Ask the Experts: App Assessment

I am working on an app that I hope to turn into a company someday. My question is: how can I set my app apart? Without revealing my idea, I will say that there are similar apps on the market, but none quite like mine. I understand programming, but I am not sure how to make my app appealing to users or market it properly.


You are quite right to notice that coding alone is not the secret to a successful tech company. Tech innovation is not all about error logs and java profilers: it is also about things that are harder to measure or catalog, like the user’s experience and the marketing team’s slogan.


The most important thing to an app, besides its core concept, is its design. Design is what makes apps and other tech products easy to use. Unfortunately, it is not something that all tech professionals understand fully. Though the Mac and PC debate has cooled somewhat as more and more computer engineers warm up to Apple’s impressive hardware and UNIX-like command line, it is useful to look back at Apple’s iPod- and MacBook-fueled comeback for an example. Many in the tech world were astounded by Apple’s ability to get customers to pay so much for their hardware. But it was Apple’s sleek design sense and superb user interfaces that offered the value add that drove Apple’s rise from a company worth a few billion dollars in the late 90s to one that is worth $615 billion today.


While good design can be hard to quantify, its results can be measured. When ESPN redesigned its homepage, its profits jumped 35%. That is a very good indicator that your future company’s financial well-being rests, in part, on design. ESPN’s actually offerings did not change, but changes to presentation and user experience meant real improvements in terms of dollars and cents.


And while some design decisions may seem rather subjective, some specific design tactics have objective benefits for the companies that make them. For instance, infinite scrolling has been proven to reduce a website’s “bounce rate” (the bounce rate measures the number of users who quickly leave the page after it loads). Time cut its website’s bounce rate by 15% simply by adding infinite scrolling.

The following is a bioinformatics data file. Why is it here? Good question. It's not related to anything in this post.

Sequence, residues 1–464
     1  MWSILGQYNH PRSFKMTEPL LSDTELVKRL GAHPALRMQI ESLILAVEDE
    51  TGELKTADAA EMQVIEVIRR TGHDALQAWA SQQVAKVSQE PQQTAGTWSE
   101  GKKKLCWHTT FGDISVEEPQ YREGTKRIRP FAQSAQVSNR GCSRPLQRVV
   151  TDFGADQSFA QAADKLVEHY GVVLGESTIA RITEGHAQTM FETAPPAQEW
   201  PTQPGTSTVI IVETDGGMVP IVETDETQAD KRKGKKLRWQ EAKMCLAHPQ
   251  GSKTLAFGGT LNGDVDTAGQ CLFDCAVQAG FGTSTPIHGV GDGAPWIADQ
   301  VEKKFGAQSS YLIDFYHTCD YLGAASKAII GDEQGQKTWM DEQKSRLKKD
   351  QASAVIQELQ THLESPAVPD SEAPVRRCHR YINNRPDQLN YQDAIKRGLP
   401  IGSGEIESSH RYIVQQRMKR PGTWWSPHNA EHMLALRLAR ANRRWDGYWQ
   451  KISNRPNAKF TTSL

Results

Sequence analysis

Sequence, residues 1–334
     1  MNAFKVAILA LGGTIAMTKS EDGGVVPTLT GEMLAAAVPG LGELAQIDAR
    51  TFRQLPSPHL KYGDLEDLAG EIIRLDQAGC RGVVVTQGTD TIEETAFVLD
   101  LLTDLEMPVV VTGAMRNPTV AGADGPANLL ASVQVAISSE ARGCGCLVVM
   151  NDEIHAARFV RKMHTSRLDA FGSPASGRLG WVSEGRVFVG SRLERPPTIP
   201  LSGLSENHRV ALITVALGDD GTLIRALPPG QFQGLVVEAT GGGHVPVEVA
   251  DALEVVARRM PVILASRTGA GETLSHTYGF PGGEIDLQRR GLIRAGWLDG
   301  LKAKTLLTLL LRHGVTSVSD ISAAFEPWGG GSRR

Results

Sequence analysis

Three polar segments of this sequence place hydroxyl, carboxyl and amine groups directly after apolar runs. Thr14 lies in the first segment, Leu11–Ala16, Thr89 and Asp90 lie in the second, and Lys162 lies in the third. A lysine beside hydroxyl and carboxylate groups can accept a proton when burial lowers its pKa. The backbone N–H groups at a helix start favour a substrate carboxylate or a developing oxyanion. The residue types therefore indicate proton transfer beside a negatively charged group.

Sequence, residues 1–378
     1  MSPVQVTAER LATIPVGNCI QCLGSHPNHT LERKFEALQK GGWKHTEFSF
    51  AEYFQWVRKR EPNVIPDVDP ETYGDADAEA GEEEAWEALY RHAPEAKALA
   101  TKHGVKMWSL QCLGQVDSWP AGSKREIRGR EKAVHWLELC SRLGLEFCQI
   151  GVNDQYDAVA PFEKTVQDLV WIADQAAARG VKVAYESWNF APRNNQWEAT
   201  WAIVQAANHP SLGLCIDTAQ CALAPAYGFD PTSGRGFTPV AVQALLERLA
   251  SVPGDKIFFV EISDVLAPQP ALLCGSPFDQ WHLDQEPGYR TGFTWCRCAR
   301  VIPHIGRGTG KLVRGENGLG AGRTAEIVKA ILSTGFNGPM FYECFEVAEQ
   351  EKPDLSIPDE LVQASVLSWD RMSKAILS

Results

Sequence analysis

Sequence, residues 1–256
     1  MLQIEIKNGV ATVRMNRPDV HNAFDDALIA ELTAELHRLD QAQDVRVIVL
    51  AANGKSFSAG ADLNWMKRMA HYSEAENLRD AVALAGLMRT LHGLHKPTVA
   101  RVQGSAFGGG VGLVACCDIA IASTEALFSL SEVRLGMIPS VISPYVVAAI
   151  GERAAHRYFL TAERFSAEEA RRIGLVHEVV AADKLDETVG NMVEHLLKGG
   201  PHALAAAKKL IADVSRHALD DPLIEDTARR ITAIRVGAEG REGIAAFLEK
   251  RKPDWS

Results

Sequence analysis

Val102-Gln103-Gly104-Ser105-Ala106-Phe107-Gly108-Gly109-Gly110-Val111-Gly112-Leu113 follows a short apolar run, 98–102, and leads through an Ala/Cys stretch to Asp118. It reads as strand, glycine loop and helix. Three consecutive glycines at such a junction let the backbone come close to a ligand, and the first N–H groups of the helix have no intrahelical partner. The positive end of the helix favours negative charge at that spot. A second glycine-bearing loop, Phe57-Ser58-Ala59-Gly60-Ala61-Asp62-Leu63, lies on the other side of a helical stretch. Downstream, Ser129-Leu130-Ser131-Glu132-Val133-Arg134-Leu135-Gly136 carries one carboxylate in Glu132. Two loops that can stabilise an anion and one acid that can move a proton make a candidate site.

Design decisions are particularly important for a new company like yours, because design is largely responsible for first impressions. Some studies give design as much as 94% of the credit for first impressions among users, which means that – at first – your design could matter even more than your app’s usefulness!


Design is about making your app more functional, but also more appealing. Similarly, marketing and advertising have a lot to do with how your app is perceived. Here, again, Apple makes an excellent example. Apple’s design lent it a hip and aspirational quality that led many young people to purchase its laptops – even though many of them did not have any particular reason for opting for such high-priced hardware.


Marketing is changing, but it has remained vital. Studies tell us that millennials are 247% more likely to be influenced by blogs or social media sites, which means that smart marketing for modern apps needs to focus on these areas.


In short, your app needs to do more than just solve a problem. It needs to solve it elegantly and easily by creating an appealing and simple user experience. It needs great design and smart marketing.


“Design is not just what it looks like and feels like. Design is how it works.” – Steve Jobs


Written by Martin J. Young, former correspondent of Asia Times.


The opinions expressed in this column do not necessarily represent the opinions of King’s College or WRKC.